My plan of action

If you are completely new to the world of weaving and fiber, the textiles for beginners page on the top menu will explain the foreign terms to come and many of these processes and tools will be featured in upcoming posts. There is also more information (and pictures) of the ancient textile I will be constructing in the  Wari textile page. Please feel free to ask questions in the comment section as well.

The first place to start if you are going to attempt to re-create something from the past is to choose your materials and tools. I am not attempting an archaeologically correct reproduction where every single tool would be made based on existing ancient examples. Scholars have a good idea of the process as it was done in Pre-Hispanic times and thus I can explain to you all when I make modifications what would have been done instead and how much harder it was!

Fine textiles in the Andes were made out of a very high grade alpaca or vicuna (wild alpaca relative) fiber. Acceptable fiber is easy to find in online stores selling raw fiber through the micron count system (the lower the number the better the wool). I also made sure to get accurate dyes. Supplies for indigo vat dyeing, although not the exact substances used in South America are also fairly easy to find and many suppliers sell kits (http://www.aurorasilk.com/natural_dyes/indigo.html). Cochineal, the red dye, is also easy to find, though expensive.

Regarding tools, I will be spinning all of the thread required on a drop spindle as the use of spinning wheels only began in the Andes with the arrival of the Spanish. I will also be using simple frame and backstrap looms (no European rigid heddle or floor looms) that I will construct myself.

After tools comes techniques. Although I have been a spinner, weaver, and dyer for most of my life, I have never practiced many of the techniques that go into making a Wari tie dye textile. This is also complicated by the fact that there is no real record as to how these textiles were actually woven so there have been several methods developed by textile scholars in conjunction with weavers. Therefore the first steps will be to practice these techniques and do a number of tests before I start on the four pieces which will compose the final version of the fragment.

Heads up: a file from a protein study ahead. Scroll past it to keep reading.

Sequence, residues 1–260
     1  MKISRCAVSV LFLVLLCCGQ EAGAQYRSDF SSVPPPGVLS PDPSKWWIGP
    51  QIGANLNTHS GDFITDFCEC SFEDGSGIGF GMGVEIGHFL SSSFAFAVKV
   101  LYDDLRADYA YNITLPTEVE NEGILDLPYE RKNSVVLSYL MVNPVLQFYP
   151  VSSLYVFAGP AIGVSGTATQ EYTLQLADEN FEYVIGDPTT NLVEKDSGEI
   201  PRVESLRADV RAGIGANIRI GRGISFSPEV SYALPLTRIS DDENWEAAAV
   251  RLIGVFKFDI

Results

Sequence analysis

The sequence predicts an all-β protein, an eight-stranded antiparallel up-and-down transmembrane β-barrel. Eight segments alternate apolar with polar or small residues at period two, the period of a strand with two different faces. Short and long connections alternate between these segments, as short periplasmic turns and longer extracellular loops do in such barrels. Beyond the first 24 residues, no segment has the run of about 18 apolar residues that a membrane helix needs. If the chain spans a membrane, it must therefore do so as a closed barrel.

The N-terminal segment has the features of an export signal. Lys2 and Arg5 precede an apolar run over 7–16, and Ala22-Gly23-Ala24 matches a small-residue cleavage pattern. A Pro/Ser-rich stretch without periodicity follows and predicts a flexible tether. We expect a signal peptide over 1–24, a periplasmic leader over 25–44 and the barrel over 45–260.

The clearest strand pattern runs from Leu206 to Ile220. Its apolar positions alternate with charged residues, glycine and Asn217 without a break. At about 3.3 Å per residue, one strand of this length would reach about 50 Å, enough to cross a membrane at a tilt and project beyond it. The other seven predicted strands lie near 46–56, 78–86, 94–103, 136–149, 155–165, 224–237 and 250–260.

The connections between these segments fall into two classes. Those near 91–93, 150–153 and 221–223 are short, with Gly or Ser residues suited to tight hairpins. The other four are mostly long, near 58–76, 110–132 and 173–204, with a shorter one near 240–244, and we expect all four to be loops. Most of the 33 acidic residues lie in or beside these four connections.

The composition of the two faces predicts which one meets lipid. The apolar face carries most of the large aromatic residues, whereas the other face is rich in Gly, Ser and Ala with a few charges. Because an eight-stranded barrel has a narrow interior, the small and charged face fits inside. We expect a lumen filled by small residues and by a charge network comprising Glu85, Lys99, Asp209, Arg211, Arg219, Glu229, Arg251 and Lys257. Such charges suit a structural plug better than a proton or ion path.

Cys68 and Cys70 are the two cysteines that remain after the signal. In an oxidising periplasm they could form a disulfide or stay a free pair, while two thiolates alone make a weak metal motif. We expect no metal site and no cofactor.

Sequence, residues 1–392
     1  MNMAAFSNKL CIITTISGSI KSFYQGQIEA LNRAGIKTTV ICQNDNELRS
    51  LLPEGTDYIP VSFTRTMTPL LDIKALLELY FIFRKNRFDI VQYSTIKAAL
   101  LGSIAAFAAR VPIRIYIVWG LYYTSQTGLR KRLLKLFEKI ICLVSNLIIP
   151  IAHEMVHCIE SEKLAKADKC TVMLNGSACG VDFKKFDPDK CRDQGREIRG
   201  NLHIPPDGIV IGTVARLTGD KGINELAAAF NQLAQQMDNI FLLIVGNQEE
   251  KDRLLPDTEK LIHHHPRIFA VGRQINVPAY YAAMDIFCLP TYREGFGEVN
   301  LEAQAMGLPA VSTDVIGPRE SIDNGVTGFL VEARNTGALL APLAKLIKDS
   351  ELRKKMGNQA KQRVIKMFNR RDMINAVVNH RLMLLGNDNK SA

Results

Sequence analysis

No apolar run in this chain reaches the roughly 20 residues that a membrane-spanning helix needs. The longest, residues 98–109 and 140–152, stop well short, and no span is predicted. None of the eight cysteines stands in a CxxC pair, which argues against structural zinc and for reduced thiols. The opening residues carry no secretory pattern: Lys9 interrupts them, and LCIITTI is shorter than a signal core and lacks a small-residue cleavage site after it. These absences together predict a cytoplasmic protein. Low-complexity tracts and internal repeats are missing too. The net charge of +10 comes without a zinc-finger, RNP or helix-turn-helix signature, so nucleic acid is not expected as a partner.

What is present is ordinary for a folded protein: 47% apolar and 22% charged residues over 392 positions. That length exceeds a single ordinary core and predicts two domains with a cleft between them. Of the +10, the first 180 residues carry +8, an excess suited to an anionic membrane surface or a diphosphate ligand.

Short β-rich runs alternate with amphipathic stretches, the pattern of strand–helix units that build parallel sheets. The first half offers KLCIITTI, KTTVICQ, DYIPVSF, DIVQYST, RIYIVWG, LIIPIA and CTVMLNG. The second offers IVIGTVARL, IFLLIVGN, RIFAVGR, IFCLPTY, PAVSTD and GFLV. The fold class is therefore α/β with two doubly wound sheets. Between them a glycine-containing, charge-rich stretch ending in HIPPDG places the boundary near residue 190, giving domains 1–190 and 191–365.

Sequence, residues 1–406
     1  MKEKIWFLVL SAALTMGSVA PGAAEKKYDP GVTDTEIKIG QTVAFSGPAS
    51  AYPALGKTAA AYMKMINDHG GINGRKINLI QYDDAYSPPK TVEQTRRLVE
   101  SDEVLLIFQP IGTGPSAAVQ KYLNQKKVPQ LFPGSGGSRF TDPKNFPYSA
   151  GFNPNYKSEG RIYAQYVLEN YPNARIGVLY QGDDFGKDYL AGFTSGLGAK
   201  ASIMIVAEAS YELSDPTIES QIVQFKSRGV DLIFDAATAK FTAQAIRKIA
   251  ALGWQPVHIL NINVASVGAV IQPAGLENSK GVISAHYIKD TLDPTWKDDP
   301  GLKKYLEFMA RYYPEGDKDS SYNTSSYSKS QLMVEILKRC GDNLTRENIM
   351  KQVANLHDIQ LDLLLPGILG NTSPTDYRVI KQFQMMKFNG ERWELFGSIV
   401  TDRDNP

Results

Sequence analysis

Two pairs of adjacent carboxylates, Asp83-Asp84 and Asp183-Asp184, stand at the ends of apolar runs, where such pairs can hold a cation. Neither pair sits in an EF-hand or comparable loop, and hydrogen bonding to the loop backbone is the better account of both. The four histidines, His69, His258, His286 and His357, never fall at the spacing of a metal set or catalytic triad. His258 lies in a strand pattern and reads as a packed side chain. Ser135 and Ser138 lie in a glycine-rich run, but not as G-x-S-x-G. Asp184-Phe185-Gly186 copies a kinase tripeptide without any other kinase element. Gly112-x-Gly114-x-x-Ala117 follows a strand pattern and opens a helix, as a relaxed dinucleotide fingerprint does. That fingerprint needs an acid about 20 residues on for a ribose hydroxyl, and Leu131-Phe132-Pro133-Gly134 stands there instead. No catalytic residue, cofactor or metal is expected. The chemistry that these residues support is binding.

Some of these special techniques, such as Andean plying for those spinners out there are easy to find instruction on via Youtube.

Others  are a little more complex and I will learn from studying the actual fragment as well as photographs of the work of weavers who have previously worked on understanding this type of textile: four selvage weaving, discontinuous warp and weft, indigo dyeing with a vat, and the tie dye technique itself.

In the next post I will walk you through the process of examining the fragment and how I was able to determine the essence of its construction.

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3 Responses to My plan of action

  1. Ercil H-W says:

    Hi! Absolutely inspiring project! I am thrilled looking at your plans and what you have discovered thus far. I spent some time with the Center for Traditional Textiles in Cusco (CTTC) and visited 6 of 10 of the villages that participate with them. I am also a spinner, dyer, weaver. I have a few thoughts that might help. There is an ancient technique that was almost lost dating at least to Incan times and longer across several of the cultures there called a discontinuous warp. It is still in use in a number of the villages. I watched them do it and they use a frame for the warping process and often have the step weaving you are showing. There IS a thread through the center of the two pieces. There is also a bar used for tensioning during the warping process that is removed after the warping is done. I actually took a class in it last November at the Tinkuy de Tejedores in Cusco. I think with some minor adaptation this would work for your project and might be one of the cousins of the Wari technique. You might also contact the Umano Museum in Lima. They have a fantastic textile collection and the Curator is very knowledgable. They also have an amazing spindle collection and might have the type of spindle the Wari used. I would be interested in corresponding with you. I have some additional info on ‘andean plying’ that might be helpful. Best, Ercil

    • sburian says:

      Thank you so much for your interest Ercil! Shaped tapestry is a form of discontinuous warp, and the bar method you are describing is one of the ways weavers who worked on this in the early 2000s think it was done. My blog is a bit behind where I actually am in the process and I am currently weaving with the bar warping as a practice before I do it with just the strings. I study Bolivian and not Peruvian textiles so it is interesting to hear that the discontinuous techniques are still being practiced.

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